European Journal of Epidemiology

, Volume 29, Issue 10, pp 753–765 | Cite as

Associations of adherence to the New Nordic Diet with risk of preeclampsia and preterm delivery in the Norwegian Mother and Child Cohort Study (MoBa)

  • Elisabet Rudjord HillesundEmail author
  • Nina C. Øverby
  • Stephanie M. Engel
  • Kari Klungsøyr
  • Quaker E. Harmon
  • Margaretha Haugen
  • Elling Bere


Preeclampsia and preterm delivery are serious complications of pregnancy and leading causes of perinatal mortality and morbidity worldwide. Dietary factors might be associated with these adverse outcomes. We investigated whether adherence to the New Nordic Diet (NND) was associated with preeclampsia and preterm delivery risks in the Norwegian Mother and Child Cohort Study (MoBa). Participants were recruited from all over Norway during the period 1999–2008. A previously constructed diet score assessing meal frequency, and the consumption of Nordic fruits, root vegetables, cabbages, potatoes, oatmeal porridge, whole grains, wild fish, game, berries, milk and water, was used to assess NND adherence. Associations between NND adherence and the outcomes were estimated in adjusted multivariate logistic regression models. Odds ratios (ORs) and 95 % confidence intervals (CIs) were calculated. A total of 72,072 women was included in the study. High versus low NND adherence was associated with lower risk of total preeclampsia (OR 0.86; 95 % CI 0.78–0.95) and early preeclampsia (OR 0.71; 95 % CI 0.52–0.96). High compared with low NND adherence was associated with a lower risk of spontaneous preterm delivery among nulliparous women (OR 0.77; 95 % CI 0.66–0.89), whereas multiparous women with high NND adherence had a marginally significant higher risk of preterm delivery (OR 1.24; 95 % CI 1.00–1.53). High NND adherence was associated with a lower relative risk of preeclampsia and of spontaneous preterm delivery among nulliparous women; however, among multiparous women there was a higher relative risk of preterm delivery.


Nordic diet Pregnancy Preeclampsia Preterm delivery Dietary pattern Diet 



We are grateful to all the participating families in Norway who took part in this ongoing cohort study. The Norwegian Mother and Child Cohort Study was supported by the Norwegian Ministry of Health and the Ministry of Education and Research; the USA National Institute of Health (NIH)/National Institute of Environmental Health Sciences (NIEHS) (Contract No. N01-ES-75558), the USA NIH/National Institute of Neurological Disorders and Stroke (NINDS) (Grant No. 1 UO1 NS 047537-01 and Grant No. 2 UO1 NS 047537-06A1), and the Norwegian Research Council/FUGE (Grant No. 151918/S10). This research was supported in part by the Intramural Research Program of the NIH, National Institute of Environmental Health Sciences, USA. The present study was funded by the University of Agder, Norway. None of the funders had any role in the design, analysis or writing of this article.

Conflict of interest


Supplementary material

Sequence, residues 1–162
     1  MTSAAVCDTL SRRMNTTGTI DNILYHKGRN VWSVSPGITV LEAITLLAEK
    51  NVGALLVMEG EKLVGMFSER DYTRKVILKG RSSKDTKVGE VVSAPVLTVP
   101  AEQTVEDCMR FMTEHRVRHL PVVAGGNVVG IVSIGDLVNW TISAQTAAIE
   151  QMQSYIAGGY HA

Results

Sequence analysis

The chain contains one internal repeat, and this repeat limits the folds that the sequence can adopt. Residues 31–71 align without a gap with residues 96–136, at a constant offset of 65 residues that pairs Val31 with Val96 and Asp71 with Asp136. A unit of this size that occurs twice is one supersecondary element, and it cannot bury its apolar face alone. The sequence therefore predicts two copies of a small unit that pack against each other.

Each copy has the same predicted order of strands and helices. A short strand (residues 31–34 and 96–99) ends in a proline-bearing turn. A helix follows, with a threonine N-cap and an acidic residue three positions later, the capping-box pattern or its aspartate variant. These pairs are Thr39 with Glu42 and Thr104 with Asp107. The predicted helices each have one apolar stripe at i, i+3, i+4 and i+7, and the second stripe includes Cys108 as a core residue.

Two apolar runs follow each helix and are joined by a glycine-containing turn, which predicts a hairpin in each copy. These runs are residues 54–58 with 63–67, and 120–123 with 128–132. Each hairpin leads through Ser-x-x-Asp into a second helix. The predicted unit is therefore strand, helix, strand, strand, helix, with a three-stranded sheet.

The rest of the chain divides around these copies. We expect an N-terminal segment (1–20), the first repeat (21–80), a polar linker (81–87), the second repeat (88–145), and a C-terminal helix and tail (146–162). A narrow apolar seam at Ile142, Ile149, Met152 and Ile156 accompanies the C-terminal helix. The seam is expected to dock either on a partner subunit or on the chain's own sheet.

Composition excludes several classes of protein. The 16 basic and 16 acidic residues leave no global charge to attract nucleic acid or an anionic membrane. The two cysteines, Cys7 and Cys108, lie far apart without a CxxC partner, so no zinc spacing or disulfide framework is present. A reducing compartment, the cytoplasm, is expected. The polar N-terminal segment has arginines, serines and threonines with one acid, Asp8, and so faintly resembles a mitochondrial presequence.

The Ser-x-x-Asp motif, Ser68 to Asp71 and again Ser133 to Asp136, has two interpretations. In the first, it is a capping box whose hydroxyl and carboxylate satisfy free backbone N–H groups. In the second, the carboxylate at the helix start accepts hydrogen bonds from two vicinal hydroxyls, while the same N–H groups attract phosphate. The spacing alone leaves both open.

10654_2014_9948_MOESM1_ESM.docx (31 kb)
Supplementary material 1 (DOCX 30 kb)


  1. 1.
    Sibai B, Dekker G, Kupferminc M. Pre-eclampsia. Lancet. 2005;365(9461):785–99.PubMedCrossRefGoogle Scholar
  2. 2.
    Klungsøyr K, Morken NH, Irgens L, Vollset SE, Skjærven R. Secular trends in the epidemiology of pre-eclampsia throughout 40 years in Norway: prevalence, risk factors and perinatal survival. Paediatr Perinat Epidemiol. 2012;26(3):190–8. doi: 10.1111/j.1365-3016.2012.01260.x.PubMedCrossRefGoogle Scholar
  3. 3.
    Redman CWG, Sargent IL. Immunology of pre-eclampsia. Am J Reprod Immunol (New York, NY: 1989). 2010;63(6):534–43. doi: 10.1111/j.1600-0897.2010.00831.x.CrossRefGoogle Scholar
  4. 4.
    Brennan LJ, Morton JS, Davidge ST. Vascular dysfunction in preeclampsia. Microcirculation (New York, NY: 1994). 2014;21(1):4–14. doi: 10.1111/micc.12079.CrossRefGoogle Scholar
  5. 5.
    Ghio A, Bertolotto A, Resi V, Volpe L, Di Cianni G. Triglyceride metabolism in pregnancy. Adv Clin Chem. 2011;55:133–53.PubMedCrossRefGoogle Scholar
  6. 6.
    Morken N-H, Källen K, Jacobsson B. Outcomes of preterm children according to type of delivery onset: a nationwide population-based study. Paediatr Perinat Epidemiol. 2007;21(5):458–64.PubMedCrossRefGoogle Scholar
  7. 7.
    Rogers LK, Velten M. Maternal inflammation, growth retardation, and preterm birth: insights into adult cardiovascular disease. Life Sci. 2011;89(13–14):417–21. doi: 10.1016/j.lfs.2011.07.017.PubMedCrossRefGoogle Scholar
  8. 8.
    Xu H, Shatenstein B, Luo Z-C, Wei S, Fraser W. Role of nutrition in the risk of preeclampsia. Nutr Rev. 2009;67(11):639–57. doi: 10.1111/j.1753-4887.2009.00249.x.PubMedCrossRefGoogle Scholar
  9. 9.
    Martinez-Gonzalez MA, Bes-Rastrollo M, Serra-Majem L, Lairon D, Estruch R, Trichopoulou A. Mediterranean food pattern and the primary prevention of chronic disease: recent developments. Nutr Rev. 2009;67(Suppl 1):S111–6.PubMedCrossRefGoogle Scholar
  10. 10.
    Bere E, Brug J. Towards health-promoting and environmentally friendly regional diets—a Nordic example. Public Health Nutr. 2009;12(1):91–6. doi: 10.1017/s1368980008001985.PubMedCrossRefGoogle Scholar